After two consecutive years of weather- and pandemic-related challenges, the midweek market is still struggling to find its identity, funding, and an audience, organizers say.
By Matt Skoufalos | March 19, 2021
For the past two years, the fate of the Westmont Farmers Market has been tossed to the winds.
First, the Haddon Township Business Improvement District (BID) announced unceremoniously its cancellation in February 2019, citing “unfair competition” from out-of-town businesses, dwindling attendance, and the retirement of longtime market coordinator Doug Kelly.
Then the township municipal government stepped in, reversing the course of the BID decision, and securing a $10,000 grant from 1st Colonial Community Bank of Collingswood to sustain the market operations outside of the BID budget.
Following that, the market named environmentalist Keith Guenther its new director, established a community advisory board to support its long-term viability, and relocated to Reeve Avenue, a semi-residential block that is also home to the Haddon Township municipal building, to leverage the building restrooms, storage, and utility services for vendors.
Despite extensive efforts to revive the midweek market, those major changes were compounded by an intensely rainy season that pummeled vendors in 2019 and washed out week after week of events. Their spirits, if not their resolve, dampened, organizers reverted back to their Haddon Square location (50 Haddon Avenue) for 2020, only to be met with the challenges of organizing a market during the novel coronavirus (COVID-19) pandemic.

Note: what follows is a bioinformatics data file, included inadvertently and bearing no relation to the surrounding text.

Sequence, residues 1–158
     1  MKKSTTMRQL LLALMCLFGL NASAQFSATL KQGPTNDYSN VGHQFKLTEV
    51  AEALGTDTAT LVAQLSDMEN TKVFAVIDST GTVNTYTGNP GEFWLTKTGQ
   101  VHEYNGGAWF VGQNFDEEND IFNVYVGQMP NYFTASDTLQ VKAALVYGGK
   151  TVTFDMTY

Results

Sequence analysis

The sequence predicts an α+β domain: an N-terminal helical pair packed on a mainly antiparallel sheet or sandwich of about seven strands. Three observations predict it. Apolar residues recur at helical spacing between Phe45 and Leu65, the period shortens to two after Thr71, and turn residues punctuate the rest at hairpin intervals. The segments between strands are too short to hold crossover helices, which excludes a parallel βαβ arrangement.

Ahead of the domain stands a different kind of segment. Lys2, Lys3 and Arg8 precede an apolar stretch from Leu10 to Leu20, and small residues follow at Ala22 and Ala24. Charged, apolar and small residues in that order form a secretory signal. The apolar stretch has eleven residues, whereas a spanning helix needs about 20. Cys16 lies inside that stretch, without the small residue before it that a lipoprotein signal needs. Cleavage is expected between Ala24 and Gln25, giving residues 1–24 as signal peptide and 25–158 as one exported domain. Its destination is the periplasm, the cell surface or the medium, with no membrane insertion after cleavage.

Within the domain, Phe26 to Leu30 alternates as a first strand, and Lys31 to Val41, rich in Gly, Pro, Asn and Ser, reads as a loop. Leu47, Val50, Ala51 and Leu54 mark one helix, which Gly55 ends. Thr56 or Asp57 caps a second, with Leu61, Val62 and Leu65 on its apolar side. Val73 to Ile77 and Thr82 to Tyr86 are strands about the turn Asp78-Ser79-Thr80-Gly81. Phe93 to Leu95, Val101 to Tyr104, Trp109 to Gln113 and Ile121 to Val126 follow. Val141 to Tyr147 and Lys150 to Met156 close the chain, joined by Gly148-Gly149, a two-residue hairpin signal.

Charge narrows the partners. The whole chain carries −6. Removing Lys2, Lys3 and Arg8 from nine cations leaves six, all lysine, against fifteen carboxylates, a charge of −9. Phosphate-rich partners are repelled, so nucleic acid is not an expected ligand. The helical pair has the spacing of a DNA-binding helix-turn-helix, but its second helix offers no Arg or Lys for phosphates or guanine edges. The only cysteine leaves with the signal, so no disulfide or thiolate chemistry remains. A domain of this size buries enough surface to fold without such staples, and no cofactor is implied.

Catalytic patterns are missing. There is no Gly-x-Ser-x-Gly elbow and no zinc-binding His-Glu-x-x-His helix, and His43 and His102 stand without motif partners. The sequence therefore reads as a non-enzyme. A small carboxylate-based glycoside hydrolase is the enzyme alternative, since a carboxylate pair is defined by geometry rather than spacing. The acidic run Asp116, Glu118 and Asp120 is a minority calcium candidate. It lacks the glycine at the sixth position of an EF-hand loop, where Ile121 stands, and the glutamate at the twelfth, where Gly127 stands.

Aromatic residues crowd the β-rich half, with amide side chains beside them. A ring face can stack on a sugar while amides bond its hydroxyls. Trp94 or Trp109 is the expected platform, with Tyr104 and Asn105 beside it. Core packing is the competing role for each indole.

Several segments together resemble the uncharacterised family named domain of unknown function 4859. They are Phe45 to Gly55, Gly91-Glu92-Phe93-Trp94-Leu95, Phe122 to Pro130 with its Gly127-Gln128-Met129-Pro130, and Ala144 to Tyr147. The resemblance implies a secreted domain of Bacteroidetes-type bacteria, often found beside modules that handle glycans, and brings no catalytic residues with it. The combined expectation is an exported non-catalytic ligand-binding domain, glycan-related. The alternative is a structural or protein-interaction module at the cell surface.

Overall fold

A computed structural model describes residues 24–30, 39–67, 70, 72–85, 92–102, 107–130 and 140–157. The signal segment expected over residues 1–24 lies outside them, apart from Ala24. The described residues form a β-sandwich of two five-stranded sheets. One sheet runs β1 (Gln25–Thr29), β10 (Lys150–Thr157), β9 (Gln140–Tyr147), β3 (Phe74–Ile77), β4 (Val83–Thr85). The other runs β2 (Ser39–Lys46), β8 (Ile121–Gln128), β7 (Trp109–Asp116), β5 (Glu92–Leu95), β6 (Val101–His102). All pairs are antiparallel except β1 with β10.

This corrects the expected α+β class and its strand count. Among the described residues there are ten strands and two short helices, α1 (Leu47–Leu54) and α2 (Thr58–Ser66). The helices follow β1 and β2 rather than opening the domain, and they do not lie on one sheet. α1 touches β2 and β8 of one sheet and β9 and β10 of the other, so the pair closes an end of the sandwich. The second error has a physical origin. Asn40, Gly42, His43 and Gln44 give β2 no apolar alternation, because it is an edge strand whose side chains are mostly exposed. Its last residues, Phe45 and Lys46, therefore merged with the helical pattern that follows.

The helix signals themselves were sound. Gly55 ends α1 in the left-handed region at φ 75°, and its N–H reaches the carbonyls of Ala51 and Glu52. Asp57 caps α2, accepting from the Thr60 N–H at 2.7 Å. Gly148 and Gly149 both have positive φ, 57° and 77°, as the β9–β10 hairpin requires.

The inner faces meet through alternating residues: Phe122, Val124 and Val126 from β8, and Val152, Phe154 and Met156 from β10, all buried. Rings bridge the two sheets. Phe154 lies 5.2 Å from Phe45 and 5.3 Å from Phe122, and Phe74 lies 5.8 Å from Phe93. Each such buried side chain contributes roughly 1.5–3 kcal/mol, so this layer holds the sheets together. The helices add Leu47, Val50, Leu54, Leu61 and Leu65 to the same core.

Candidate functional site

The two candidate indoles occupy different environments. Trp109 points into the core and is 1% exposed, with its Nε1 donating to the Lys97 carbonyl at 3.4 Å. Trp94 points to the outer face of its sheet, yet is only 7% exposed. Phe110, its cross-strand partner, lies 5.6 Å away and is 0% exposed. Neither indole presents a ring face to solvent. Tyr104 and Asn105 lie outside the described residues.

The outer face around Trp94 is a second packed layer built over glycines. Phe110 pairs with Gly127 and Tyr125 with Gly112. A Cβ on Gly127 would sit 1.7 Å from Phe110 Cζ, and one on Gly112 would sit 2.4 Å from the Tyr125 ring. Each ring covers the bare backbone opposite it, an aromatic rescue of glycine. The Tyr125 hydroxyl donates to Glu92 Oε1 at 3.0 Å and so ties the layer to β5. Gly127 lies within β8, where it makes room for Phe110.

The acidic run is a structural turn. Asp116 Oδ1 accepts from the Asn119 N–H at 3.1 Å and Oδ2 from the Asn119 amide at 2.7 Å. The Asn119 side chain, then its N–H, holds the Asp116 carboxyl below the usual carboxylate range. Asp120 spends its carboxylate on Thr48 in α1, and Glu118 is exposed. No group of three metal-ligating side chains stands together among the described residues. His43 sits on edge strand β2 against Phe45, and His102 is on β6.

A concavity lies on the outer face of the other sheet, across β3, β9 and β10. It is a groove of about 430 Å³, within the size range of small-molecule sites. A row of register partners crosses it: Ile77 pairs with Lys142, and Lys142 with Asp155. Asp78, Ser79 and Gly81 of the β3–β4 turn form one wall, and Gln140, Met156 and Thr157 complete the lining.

As attendance faltered, vendors began to drop off; Guenther said they fell from some 25 at launch to half that number within two weeks. Weekly vendor call-outs were frequent, even with the nominal cost of a table ($20) only being collected to pay the musicians who provided weekly entertainment for guests.
By the end of the season, Guenther was purveying produce from the farmers directly, cobbling together his own stall at the market just to provide the products for the few market-goers who did show up.
An end-of-season S.O.S. from the market board drove a small uptick in business, supplemented by an infusion of cash from 1st Colonial staffers who popped up to pay for customer purchases as a goodwill gesture one week.
But business flagged after a while again, and Guenther said the bank hasn’t affirmed its financial commitment to the project for the upcoming season, which would be slated to kick off May 19. Without solid community support, and in the absence of sustainable funding, the project may have hit its endpoint after 12 years.
Guenther, who says he’s operated the project largely as a labor of love, and with the support of Haddonfield Farmers Market Coordinator Ralph Cialella, worries that its underlying issues may be too much to overcome.
“The bigger picture is we haven’t had the community support,” Guenther said. “There has not been one week where I can say the vendors have been really profitable in my two years there.